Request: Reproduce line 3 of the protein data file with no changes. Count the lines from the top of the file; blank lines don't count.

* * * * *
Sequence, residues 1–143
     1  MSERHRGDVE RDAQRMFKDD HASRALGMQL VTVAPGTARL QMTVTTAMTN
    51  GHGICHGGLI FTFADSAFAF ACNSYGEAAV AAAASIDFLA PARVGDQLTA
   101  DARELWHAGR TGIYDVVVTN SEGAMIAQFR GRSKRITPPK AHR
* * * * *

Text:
    51  GHGICHGGLI FTFADSAFAF ACNSYGEAAV AAAASIDFLA PARVGDQLTA